Home NEWS What’s next in the saga of the suspecte Chinese spy balloon

What’s next in the saga of the suspecte Chinese spy balloon

What's next in the saga of the suspected Chinese spy balloon
What's next in the saga of the suspected Chinese spy balloon

On Saturday the U.S. military shot down a suspecte Chinese spy balloon off the coast of South Carolina. After it had travele across much of the U.S., capturing the attention of residents and the media alike.

China said the balloon was a meteorological research vessel blown off course. Expresse “strong dissatisfaction and protest” over its downing.

Now the U.S. military is left to literally pick up the pieces of the wreckage. As diplomats and members of Congress express concern over the incident.

What’s next in the saga of the suspected Chinese spy balloon

U.S. officials are working to investigate the balloon’s wreckage
Top U.S. officials say they were able to learn about the Chinese surveillance balloon by tracking it across the country, and now they’re hoping to learn even more by examining the pieces that remain after a fighter jet shot it out of the sky on Saturday.

In a background briefing on Saturday, two U.S. defense officials said they were working with the FBI and counterintelligence authorities to recover as much debris from the balloon as possible, including whatever equipment was onboard and “any material of intelligence value.”

What’s next in the saga of the suspecte Chinese spy balloon

A senior defense official said the administration has had several days to investigate what the balloon was doing and how — as well as why China might have sent it in the first place.

We don’t know exactly all the benefits that will derive. But we have learne technical things. This balloon and its surveillance capabilities,” the senior defense official said. “And I suspect if we are successful in recovering aspects of the debris, we will learn even more.”

What’s next in the saga of the suspecte Chinese spy balloon Authorities said they may use uncrewe underwater vessels that can lift the structure up to the surface and place it on a salvage ship. Navy divers were also available. The debris splashe down in 47-foot-deep water, making the recovery effort easier than had been originally expecte.

China has denied that the balloon was used for spying and instead said it was conducting weather research.

James Flaten, a University of Minnesota professor who works with NASA to teach students using high-altitude balloons, told NPR that it would be possible for a high-altitude balloon launched from China to reach the U.S., but added that China may not have had much control over its path at such high altitudes.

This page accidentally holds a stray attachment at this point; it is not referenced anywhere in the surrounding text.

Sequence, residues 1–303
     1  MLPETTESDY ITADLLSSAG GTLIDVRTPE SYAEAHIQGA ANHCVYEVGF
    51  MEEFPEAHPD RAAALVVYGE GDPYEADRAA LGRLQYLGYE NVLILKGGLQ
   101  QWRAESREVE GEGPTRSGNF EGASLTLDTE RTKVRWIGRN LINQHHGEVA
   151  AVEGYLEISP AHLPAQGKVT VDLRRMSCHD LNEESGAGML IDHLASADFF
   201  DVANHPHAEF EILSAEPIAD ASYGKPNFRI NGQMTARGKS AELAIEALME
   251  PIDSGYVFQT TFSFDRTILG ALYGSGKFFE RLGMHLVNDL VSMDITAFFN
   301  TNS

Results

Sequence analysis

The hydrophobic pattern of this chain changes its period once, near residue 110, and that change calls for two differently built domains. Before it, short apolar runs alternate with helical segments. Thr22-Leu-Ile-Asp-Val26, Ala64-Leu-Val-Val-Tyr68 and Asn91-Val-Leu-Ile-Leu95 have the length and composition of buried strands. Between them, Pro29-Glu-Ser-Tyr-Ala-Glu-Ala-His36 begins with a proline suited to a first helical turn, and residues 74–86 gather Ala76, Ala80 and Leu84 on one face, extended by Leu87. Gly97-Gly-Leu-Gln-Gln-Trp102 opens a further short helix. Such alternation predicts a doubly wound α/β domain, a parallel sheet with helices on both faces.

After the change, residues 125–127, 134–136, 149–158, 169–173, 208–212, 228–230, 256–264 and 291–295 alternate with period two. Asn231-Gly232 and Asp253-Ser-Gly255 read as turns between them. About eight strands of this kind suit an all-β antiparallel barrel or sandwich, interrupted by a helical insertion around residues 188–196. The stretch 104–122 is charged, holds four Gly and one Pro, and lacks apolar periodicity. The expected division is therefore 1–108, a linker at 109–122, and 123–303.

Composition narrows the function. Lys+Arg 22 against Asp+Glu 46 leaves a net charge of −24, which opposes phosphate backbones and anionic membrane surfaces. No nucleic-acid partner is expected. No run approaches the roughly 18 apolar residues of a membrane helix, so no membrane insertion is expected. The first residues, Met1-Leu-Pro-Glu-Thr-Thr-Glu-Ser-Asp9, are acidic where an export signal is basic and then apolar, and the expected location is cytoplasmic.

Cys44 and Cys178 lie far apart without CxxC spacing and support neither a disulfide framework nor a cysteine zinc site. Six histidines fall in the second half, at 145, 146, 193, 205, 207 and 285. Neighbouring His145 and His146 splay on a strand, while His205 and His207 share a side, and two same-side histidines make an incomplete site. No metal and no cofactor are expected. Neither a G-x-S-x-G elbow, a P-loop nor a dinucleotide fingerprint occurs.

“I’m not saying they’re telling the truth,” Flaten said, “I’m just saying that’s a plausible story.”

Diplomacy between the U.S. and China is again up in the air
The balloon’s intrusion into U.S. airspace scuttled a planned meeting of high-level officials from the U.S. and China, and it’s unclear if or when the trip will be rescheduled.

On Friday, as the balloon was floating some 60,000 feet above the mainland U.S., Secretary of State Antony Blinken postponed a trip to China.

“China has an interest in inserting some more stability into the relationship,” Dave Shullman, senior director of the China Global Hub at the Atlantic Council, told NPR’s Weekend Edition.

Shullman said China is hoping to repair its relationship with the U.S. as it struggles with some thorny domestic issues, such as its ongoing efforts to stem the spread of COVID and invigorate its economy.

With that backdrop, it would have strange for China to intentionally sabotage Blinken’s trip. Shullman suggested. “I think they genuinely wanted this visit to go well,” he added.

Blinken said he was still prepare to “visit Beijing as soon as conditions allow. But Shullman note that China’s annual legislative session is schedule for March and House Speaker Kevin McCarthy is rumore to be traveling to Taiwan in April. Which could further strain ties between the U.S. and China.

The response from Congress has fallen along party lines
Republicans have criticized the Biden administration for not shooting down the balloon earlier, before it was able to traverse several states and glide over sensitive military installations.

Rep. Mike Turner of Ohio, the Republican chair of the House Intelligence Committee. NBC’s Meet the Press on Sunday that he believes China was attempting to gather intelligence on U.S. military sites.